Every generation returns to the titanic heroes and villains of the 20th century. And every generation produces a new set of biographies--often immense--in an effort to understand the role of that eras main figures.
In the past three years, three important new books have reassessed Hitler's life, beliefs and actions. Two of the authors, Volker Ulrich and Peter Longerich, are historians of Germany who are German. The third, our guest for today's interview, is British. In his new book Hitler: A Global Biography
(Basic Books, 2019), Brendan Simms
offers us a different Hitler, one much more focused on global capitalism and on the Anglo-American world than either Ulrich of Longerich. Simms argues that fears that Germany would lose the economic and demographic competition with Britain and especially the US sat at the heart of Hitler's world view. Anti-Semitism, fears of German particularism, scientific understandings of race, all of these appear in Simms' portrait of Hitler. But they are joined by a constant fear that the American system was simultaneously seductive and corrupting, and that Germans and Germany would not be able to resist. This, Simms argues, drove many of Hitler's decisions, especially in the 1920s and 30s.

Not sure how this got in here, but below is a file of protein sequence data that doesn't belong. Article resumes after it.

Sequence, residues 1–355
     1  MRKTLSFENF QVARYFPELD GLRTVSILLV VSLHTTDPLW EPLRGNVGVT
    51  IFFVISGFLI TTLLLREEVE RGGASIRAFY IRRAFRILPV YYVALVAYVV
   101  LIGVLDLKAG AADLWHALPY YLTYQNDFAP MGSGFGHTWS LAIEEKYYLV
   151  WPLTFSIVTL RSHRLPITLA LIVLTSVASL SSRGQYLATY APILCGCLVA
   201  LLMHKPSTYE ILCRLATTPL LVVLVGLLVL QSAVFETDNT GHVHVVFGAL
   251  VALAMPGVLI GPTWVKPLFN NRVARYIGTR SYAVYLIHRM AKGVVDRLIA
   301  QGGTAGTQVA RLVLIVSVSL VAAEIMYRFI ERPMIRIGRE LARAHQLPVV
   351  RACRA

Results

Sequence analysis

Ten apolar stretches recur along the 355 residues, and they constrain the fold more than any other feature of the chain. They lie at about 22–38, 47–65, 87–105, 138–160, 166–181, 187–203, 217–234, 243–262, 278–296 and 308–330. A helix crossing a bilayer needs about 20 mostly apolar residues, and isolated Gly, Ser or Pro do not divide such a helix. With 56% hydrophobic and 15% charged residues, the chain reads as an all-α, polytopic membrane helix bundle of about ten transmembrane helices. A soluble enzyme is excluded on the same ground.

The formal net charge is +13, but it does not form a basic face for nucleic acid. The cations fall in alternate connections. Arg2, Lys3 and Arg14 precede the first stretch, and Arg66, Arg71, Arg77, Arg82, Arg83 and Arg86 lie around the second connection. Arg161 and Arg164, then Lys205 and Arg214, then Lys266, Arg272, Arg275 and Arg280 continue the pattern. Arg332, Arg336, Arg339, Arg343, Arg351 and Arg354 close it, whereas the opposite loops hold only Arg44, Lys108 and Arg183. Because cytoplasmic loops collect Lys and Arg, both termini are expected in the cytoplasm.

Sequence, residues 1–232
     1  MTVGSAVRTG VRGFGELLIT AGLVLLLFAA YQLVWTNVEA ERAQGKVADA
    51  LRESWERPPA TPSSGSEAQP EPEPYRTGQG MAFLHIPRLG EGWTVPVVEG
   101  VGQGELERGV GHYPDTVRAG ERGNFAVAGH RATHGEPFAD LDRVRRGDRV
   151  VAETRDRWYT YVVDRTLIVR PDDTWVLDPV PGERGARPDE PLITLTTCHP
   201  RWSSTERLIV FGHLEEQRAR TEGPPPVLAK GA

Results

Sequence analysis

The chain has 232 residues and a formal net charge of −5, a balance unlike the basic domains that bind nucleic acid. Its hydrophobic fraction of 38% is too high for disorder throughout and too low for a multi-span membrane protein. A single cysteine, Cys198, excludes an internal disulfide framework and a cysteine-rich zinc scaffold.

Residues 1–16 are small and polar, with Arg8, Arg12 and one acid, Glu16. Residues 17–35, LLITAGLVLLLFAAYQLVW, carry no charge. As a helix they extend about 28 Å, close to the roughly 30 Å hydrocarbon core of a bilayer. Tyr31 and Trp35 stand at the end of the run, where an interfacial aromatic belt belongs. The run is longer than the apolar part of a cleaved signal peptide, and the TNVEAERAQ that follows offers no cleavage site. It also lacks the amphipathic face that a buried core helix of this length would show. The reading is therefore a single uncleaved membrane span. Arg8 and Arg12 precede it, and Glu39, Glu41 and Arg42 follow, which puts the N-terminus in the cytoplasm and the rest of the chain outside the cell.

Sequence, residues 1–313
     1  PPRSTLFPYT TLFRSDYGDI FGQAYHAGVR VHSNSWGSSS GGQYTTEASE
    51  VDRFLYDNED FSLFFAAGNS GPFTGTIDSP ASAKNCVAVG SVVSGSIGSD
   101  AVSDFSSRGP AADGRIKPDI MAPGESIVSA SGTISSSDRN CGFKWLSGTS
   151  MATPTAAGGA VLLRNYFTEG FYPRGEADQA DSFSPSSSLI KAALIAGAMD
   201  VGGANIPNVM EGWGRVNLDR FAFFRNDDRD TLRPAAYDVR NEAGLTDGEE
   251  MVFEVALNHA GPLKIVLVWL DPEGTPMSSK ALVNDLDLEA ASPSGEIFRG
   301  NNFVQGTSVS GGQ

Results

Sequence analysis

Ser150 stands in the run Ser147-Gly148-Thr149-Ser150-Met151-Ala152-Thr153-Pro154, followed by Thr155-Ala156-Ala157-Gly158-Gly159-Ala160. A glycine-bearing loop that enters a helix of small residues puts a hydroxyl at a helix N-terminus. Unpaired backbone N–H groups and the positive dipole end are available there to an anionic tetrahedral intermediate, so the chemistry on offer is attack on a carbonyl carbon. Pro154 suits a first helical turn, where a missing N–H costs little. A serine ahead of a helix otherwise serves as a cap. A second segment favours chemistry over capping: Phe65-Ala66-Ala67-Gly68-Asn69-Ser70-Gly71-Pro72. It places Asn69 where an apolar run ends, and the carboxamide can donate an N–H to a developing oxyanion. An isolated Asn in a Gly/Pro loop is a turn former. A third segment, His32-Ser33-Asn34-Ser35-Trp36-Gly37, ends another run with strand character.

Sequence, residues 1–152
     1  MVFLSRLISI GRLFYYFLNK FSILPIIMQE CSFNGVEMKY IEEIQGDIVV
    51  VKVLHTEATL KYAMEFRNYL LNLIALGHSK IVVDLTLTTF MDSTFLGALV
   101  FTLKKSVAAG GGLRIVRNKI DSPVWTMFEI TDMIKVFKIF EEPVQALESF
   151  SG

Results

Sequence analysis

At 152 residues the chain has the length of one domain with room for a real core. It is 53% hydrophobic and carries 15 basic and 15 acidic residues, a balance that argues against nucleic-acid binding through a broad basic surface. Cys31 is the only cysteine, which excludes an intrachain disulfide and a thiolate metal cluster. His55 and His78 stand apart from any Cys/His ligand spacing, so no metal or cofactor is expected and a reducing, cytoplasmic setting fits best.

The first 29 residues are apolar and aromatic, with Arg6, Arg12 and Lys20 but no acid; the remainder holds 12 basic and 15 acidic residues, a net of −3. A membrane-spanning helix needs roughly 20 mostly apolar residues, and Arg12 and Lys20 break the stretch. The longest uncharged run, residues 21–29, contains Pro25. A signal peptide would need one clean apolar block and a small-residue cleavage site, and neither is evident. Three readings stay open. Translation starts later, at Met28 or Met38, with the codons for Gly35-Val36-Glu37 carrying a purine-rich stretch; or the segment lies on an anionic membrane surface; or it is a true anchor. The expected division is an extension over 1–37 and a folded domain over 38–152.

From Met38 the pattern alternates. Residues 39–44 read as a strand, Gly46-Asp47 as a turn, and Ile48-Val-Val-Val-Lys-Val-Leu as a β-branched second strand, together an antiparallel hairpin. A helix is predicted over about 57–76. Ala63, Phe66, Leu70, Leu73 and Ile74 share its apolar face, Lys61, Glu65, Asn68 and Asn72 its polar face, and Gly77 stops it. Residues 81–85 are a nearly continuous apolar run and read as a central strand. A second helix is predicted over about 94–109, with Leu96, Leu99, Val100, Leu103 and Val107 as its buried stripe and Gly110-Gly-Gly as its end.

We had some technological problems getting connected for the interview and had only 30 minutes to talk. But Simms does a marvelous job using that time to lay out the broad outlines of his argument and to sketch in some of his main lines of defense. It's a fascinating interview. Not everyone will agree with his conclusions. But at the least the book will prompt a stimulating debate about the role of the west in HItler's thinking.
Kelly McFall is Professor of History and Director of the Honors Program at Newman University. He’s the author of four modules in the
Reacting to the Past series, including
The Needs of Others: Human Rights, International Organizations and Intervention in Rwanda, 1994, published by W. W. Norton Press.